Monday, December 19, 2011
I realise that as an independent music blog Coldplay probably aren't a band you'd expect to find covered in its pages, however a number of people have asked of my opinion regarding the London quartet's new album 'Mylo Xyloto', so I thought I'd adhere to their wishes! A fourteen track effort, this record is first and foremost a concept album, detailing the lives of Mylo, and you got it, Xyloto. In terms of the title I've got nothing against it. Some folk label it too hard to pronounce, or find some strange Balinese translation. Take it for what it is guys: the names of the two protagonists. The album art has also been picked out by some. Pink and purple are too pop-orientated for Coldplay's fan base? The truth is that's exactly what 'Mylo Xyloto' is. Pop-orientated. Chris Martin and Co. have stripped back their sound and thrown in some elements that might put a frown on the faces of long-time fans. I don't like the album for this reason. Not the cover. Not the name. It's the shift in sound that does not click with me. It feels over-produced even despite the infamous Brian Eno working with the band. It lacks originality and that deep emotional connection albums like 'Parachutes' had!
Opening with a forty-two second introduction, the title track glitters and hums with the inclusion of synths, a sensibility rarely heard in past efforts. Its been there, most notably in 'X &Y', but never as domineering or obvious as here. 'Hurts Like Heaven' follows with nice oriental flavours dusting the track. At this point I am ready to accept and enjoy a different sound, and it does turn out to be one of the nicer numbers on the album. Rock roots and dance-pop vines intertwine to form a steady, pleasantly upbeat tune. I've settled into their new groove with an instilled sense of confidence and anticipation, but then Coldplay hit us with 'Paradise'. Not quite an abomination, but it comes close. The chorus is catchy, but it's a pop trick of sorts, sang with unoriginal, yawn-inducing repetition. The arrangement is an outstanding example of Coldplay pop done well, sure, but the lyricism is absolutely dire. A shocking opening line goes "When she was just a girl / she expected the world / but it flew away from her reach / so she ran away in her sleep". Another particularly bad section is a truly abstracted: "Life goes on, it gets so heavy/ The wheel breaks the butterfly". Lacking conviction and never really explained, 'Paradise' grates on my nerves. Lead single? Bah.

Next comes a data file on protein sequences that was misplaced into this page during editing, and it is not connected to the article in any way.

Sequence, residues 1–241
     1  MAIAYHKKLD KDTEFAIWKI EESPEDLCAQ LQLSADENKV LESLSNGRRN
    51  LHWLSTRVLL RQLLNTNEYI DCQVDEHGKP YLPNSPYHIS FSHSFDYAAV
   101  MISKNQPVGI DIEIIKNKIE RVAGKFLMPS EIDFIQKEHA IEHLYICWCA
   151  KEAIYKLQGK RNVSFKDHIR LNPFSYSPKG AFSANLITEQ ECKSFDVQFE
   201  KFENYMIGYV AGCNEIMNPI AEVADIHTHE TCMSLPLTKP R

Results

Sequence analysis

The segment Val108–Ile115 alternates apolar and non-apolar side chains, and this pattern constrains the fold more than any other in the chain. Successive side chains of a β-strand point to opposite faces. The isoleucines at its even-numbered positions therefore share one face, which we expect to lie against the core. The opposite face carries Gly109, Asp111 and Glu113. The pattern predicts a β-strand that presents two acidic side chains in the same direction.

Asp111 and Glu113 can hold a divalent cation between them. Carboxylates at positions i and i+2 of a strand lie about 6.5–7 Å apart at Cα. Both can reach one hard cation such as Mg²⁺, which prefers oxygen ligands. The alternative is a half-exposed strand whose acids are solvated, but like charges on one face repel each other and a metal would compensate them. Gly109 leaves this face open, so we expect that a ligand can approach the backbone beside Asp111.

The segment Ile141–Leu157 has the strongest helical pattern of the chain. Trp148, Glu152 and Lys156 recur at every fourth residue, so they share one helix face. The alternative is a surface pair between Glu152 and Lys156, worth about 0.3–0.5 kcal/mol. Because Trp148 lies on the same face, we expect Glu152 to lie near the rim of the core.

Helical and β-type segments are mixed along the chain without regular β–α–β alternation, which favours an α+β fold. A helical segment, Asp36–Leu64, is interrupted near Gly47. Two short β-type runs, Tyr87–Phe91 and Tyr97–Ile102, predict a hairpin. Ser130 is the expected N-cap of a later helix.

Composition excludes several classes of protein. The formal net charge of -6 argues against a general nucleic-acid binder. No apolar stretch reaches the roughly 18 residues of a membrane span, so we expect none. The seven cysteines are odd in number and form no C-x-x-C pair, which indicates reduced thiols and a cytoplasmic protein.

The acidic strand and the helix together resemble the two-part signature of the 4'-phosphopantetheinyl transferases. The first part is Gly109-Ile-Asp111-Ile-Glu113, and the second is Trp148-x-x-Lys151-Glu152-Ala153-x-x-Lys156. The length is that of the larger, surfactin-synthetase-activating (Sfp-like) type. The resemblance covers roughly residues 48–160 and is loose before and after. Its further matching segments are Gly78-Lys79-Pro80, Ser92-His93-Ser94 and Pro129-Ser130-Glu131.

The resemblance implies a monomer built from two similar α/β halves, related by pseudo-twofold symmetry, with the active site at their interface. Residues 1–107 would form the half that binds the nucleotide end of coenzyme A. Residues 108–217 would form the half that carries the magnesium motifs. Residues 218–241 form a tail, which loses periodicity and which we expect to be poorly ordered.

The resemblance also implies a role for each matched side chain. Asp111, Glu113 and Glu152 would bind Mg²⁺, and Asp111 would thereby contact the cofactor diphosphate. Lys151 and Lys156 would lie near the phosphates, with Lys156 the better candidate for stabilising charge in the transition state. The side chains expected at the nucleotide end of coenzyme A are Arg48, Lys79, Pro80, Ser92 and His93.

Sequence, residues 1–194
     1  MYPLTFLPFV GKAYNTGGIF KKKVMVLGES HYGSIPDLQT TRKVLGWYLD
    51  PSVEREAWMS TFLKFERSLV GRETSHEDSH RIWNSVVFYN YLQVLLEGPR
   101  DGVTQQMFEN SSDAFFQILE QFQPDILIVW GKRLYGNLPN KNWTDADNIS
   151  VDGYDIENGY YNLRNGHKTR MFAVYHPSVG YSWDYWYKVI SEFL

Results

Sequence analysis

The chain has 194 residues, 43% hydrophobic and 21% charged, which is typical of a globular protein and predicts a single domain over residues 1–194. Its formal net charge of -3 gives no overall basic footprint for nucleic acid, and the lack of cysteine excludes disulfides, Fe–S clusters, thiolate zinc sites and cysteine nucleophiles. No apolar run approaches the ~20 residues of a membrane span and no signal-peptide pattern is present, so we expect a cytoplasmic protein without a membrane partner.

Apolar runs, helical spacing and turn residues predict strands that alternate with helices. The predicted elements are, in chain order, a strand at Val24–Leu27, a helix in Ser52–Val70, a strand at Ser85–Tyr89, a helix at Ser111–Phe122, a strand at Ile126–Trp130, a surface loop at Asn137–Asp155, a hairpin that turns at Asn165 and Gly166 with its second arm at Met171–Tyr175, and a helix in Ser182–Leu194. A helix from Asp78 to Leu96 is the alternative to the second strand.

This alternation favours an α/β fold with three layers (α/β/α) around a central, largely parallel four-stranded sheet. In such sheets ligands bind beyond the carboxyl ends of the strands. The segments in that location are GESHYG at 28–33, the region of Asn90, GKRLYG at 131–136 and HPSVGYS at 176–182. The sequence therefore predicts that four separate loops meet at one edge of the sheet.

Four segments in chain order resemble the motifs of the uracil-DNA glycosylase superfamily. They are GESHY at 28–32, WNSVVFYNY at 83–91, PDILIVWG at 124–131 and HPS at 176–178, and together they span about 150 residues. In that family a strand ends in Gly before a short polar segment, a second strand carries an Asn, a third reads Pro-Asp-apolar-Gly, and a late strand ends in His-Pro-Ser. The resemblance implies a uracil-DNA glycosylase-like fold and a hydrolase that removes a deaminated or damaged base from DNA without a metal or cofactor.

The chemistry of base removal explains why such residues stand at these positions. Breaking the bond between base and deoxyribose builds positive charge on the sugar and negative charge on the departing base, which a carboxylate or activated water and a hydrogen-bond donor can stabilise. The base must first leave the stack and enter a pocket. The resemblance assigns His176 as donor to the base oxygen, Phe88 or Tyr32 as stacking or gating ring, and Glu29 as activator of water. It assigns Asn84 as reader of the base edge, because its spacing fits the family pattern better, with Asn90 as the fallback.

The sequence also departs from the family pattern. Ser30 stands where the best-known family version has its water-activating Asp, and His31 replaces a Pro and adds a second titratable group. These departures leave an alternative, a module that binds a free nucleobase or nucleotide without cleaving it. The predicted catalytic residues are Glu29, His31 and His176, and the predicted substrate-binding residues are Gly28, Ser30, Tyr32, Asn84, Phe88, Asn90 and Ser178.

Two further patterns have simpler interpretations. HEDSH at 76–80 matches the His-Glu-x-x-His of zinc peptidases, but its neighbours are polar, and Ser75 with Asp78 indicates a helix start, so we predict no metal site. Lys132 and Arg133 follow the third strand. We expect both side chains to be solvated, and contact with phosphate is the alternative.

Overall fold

The out-loud comical belly laugh induced by Martin's chipmunk expression at the start of 'Charlie Brown' made my heart sink despite it's humourous execution. 'Every Tear Drop is a Waterfall' attached another weight to it within thinking twice. It lacks the hook required to salvage itself from Johnny Buckland’s pitiful attempt at a danceable guitar riff. 'U.F.O's a pretty nice song at the start. Stripped back and delicate at heart it reminisces past tracks, perhaps most obviously 'X & Y's 'Til Kingdom Come'. A vulnerability seeps through, and I enjoyed it. Coldplay were way too eager however to patch up the leak with unappreciated and unnecessary production. Rihanna's contribution to 'Princess of China' worked well. If you can look past the highly unimaginative rhymes: "Once upon a time we burned bright / Now all we ever seem to do is fight", then you might be able to appreciate it for what it is. A catchy song elevated because of Rihanna's experience in the genre, or because Coldplay tried to conform to her style? Perhaps. 'Up In Flames' acoustic simplicity is fantastic, as is 'Don't Let it Break Your Heart's throbbing conclusion. The ultimate song on 'Mylo Xyloto' is okay. The story of Mylo fleeing the city to avoid a run in with a gang, Coldplay seem to be running out of ideas. Rhyming 'pain' with 'rain' made me cringe more than a little though in truth the calm swelling of the drums leads the album to a pleasingly graceful, fragile finish!
All things considered this isn't an ear-offending effort, but for three years in the making I was disappointed with what they unveiled. Heavily produced with brilliant lyrics thin on the ground, underwhelmed is an apt summary regarding Coldplay's fifth studio record. It is an adventurous album, evolving in style along a route the band hadn't explored. Conceptual in execution, these fourteen tracks relay a tale of two lovers In this respect 'Mylo Xyloto' is perhaps the most 'together' album Coldplay have recorded! However for me, I'm afraid an incredibly positive review was never on the cards. If I were you I would stick with 'A Rush of Blood to the Head'. Unlike this it doesn't cause a headache doing so. Congratulations are extended to Coldplay for trying something new, but an uncertainly and lack in confidence while recording 'Mylo Xyloto' hinder its potential. I'd stream 'Paradise' below, but I would be surprised if you haven't heard it already. The album is readily available from music stores.